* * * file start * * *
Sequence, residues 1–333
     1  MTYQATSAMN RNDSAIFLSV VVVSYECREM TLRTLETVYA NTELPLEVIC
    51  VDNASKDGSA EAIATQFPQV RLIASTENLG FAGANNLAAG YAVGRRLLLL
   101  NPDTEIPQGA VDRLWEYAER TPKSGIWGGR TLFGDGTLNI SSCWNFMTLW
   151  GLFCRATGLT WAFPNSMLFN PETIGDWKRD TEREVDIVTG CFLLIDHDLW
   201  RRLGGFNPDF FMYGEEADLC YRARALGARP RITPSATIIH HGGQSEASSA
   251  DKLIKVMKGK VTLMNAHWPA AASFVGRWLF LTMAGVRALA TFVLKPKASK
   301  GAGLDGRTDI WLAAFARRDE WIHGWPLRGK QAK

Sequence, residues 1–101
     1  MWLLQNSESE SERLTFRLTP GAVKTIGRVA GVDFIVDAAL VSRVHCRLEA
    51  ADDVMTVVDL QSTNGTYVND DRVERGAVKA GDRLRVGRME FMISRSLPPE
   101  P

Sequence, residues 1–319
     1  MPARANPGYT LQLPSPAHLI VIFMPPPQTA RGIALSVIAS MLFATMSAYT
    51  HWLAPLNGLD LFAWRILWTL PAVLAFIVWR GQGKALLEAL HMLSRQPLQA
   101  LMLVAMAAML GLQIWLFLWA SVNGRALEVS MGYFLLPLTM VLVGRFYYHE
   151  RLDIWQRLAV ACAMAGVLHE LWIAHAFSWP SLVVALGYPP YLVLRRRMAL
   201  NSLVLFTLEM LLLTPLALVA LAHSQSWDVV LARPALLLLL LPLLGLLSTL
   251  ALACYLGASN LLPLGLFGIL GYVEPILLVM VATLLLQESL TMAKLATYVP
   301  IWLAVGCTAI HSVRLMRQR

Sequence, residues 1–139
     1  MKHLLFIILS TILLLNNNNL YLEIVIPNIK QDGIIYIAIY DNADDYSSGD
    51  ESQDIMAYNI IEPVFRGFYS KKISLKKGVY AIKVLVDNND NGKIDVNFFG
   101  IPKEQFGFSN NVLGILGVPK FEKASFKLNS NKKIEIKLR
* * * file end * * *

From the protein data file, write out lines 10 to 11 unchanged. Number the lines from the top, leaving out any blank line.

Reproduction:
     1  MWLLQNSESE SERLTFRLTP GAVKTIGRVA GVDFIVDAAL VSRVHCRLEA
    51  ADDVMTVVDL QSTNGTYVND DRVERGAVKA GDRLRVGRME FMISRSLPPE